Wednesday, March 9, 2011

Kentucky's Deadliest Tornadoes

Since we're not in the tornado-heavy plains states, some might find it rather surprising that Kentucky has placed two entries in NOAA's top 25 deadliest tornado systems in U.S. history.

We bottom the list and then top it: Kentucky squeaks in at #25 with Louisville's tornado outbreak of March 27, 1890. This tornado family spawned at least 24 tornadoes that killed 76 people and destroyed 766 buildings between Parkland and Crescent Hill.

Falls City Hall on Louisville's Market Street was destroyed in the storm, killing at least 55 people by one source's tally but around 200 by another. This also has the distinction, by some estimates, of being the highest death toll due to a single building collapse from a tornado in America. Historian Bryan S. Bush writes:

"Most of the lives lost occurred at the Falls City Hall, located on Market Street, within five minutes the building collapsed with two hundred victims trapped in the rubble. Several activities occurred when the tornado hit the building. The Falls City Hall had a dancing class, which took place on the second floor, with sixty mothers and small girls occupying the class. Only twelve escaped the carnage. In another room the Roman Knights held their meeting, in which seven members were present, the Knights lost one man. On the third floor, the Knights and Ladies of Honor held a meeting with 150 members present, but only a few escaped. The Ancient Order of Foresters had eighteen members present in another room, with all members lost."

And if you've ever wondered what the heck this less-than-impressive minimalist sculpture is (see image below) in downtown Louisville, now you know: it's a monument to the 1890 disaster.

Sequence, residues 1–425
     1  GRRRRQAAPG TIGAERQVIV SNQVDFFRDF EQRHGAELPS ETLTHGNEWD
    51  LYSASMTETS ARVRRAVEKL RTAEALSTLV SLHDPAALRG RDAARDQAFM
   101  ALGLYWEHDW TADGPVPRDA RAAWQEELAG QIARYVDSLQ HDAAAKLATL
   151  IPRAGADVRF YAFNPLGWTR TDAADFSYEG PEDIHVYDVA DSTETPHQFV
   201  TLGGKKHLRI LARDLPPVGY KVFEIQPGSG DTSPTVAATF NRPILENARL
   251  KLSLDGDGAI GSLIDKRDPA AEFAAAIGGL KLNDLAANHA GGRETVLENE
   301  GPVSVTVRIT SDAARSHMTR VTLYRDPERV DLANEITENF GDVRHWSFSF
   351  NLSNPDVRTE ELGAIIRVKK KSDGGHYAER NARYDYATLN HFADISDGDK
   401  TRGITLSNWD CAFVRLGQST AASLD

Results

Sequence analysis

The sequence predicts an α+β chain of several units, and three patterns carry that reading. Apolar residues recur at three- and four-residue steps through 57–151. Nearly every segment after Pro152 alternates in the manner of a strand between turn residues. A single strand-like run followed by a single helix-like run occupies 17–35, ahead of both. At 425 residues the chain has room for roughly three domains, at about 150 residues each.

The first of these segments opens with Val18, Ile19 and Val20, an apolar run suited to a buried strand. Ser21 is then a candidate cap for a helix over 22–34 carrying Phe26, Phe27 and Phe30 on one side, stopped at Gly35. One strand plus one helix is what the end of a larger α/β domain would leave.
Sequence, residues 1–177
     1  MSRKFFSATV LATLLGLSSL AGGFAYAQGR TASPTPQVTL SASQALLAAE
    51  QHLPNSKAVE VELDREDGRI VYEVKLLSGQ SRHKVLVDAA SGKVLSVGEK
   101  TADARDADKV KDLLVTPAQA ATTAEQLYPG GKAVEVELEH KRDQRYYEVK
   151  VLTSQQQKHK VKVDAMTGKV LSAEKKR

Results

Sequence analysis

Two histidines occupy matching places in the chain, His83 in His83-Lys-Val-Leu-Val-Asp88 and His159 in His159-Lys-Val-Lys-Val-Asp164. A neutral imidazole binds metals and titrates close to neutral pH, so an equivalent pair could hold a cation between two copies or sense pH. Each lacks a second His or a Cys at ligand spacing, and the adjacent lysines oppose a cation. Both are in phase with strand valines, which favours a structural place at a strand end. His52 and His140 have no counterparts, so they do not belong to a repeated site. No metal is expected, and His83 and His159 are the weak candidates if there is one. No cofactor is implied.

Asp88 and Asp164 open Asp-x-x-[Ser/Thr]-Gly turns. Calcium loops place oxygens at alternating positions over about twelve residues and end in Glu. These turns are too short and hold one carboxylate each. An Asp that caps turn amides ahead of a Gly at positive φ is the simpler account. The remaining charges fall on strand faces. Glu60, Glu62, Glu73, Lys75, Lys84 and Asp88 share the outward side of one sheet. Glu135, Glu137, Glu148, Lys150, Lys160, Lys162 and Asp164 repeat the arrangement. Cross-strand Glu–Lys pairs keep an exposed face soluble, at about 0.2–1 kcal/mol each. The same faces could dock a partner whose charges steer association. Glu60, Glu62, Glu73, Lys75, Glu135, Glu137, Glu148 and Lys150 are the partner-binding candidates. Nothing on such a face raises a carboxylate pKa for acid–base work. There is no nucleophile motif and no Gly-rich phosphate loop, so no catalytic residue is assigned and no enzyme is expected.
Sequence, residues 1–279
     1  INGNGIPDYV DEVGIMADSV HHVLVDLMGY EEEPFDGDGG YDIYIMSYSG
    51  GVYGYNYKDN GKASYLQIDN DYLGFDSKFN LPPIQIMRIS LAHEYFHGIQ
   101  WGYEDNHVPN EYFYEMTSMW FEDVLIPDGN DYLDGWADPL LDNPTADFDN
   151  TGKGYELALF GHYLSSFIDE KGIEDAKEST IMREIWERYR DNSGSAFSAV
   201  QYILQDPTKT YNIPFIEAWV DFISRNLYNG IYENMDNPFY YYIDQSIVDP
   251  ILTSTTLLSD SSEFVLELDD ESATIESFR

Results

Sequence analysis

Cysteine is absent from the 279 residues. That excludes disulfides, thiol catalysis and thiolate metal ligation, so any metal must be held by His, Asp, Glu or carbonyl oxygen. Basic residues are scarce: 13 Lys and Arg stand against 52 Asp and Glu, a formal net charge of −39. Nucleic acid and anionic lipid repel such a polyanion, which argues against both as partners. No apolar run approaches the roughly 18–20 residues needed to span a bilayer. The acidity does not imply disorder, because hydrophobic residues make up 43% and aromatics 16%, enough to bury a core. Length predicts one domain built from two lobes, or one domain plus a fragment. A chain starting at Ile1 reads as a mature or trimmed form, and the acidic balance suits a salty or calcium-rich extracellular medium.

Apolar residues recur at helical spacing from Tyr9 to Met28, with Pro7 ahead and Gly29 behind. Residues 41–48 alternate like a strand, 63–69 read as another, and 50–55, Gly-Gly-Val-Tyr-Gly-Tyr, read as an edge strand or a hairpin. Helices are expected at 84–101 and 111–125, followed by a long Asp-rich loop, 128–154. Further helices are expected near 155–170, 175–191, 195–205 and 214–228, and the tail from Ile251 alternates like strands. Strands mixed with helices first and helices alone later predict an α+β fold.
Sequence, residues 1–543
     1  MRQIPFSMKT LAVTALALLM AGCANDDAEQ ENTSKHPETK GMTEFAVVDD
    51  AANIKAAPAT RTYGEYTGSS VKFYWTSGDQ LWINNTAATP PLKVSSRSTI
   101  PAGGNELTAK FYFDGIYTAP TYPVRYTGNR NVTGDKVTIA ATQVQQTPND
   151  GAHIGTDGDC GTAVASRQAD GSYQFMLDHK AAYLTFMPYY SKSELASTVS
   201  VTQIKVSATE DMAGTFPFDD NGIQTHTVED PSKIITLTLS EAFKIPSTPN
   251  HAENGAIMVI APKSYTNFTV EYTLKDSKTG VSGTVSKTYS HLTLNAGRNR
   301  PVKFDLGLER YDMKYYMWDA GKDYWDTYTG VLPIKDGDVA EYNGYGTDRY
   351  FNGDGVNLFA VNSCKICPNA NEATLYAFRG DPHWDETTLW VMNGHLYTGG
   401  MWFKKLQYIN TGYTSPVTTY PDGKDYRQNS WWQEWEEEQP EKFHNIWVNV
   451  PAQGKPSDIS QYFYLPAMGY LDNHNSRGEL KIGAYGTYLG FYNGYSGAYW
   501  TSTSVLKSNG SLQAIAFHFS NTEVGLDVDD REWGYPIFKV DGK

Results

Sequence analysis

Kentucky was also involved in the #1 tornado, which is generally called the "Tri-State Tornado of 1925" but actually struck more than three states: Missouri, Illinois, Indiana, Kentucky, Tennessee, Alabama, Kansas, and possibly other states were hit by this storm system on March 18, 1925.

Louisville wasn't the only part of Kentucky affected by this group of tornados: at least three people died in Pewee Valley; 39 died in an F4 that swept away farms and homes across Allen, Barren, Monroe, and Metcalfe counties; and an F3 passed throgh Marion, Washington, Bourbon, Mercer, Jessamine, and Fayette counties, killing two and injuring 40 before it finally sputtered out near Lexington.

Southern Indiana was also badly ravaged by the twisters. The town of Griffin was nearly completely wiped off the map, and the town of Elizabeth suffered devastation of several farms.

I'm puzzled why the Super Outbreak of April 1974 didn't make NOAA's top 25 charts, because by all accounts 330 people were killed from a series of 148 twisters in 24 hours. Can someone explain this omission to me?

Apparently NOAA is choosing to count each of these tornados as a stand-alone event rather than grouping them all together, yet it is by grouping twisters together that they arrive at the aforementioned "Tri-State" event and the 1890 one.

The photo below shows a tornado from the Super Outbreak approaching Richmond, from Mike Schwendeman by way of

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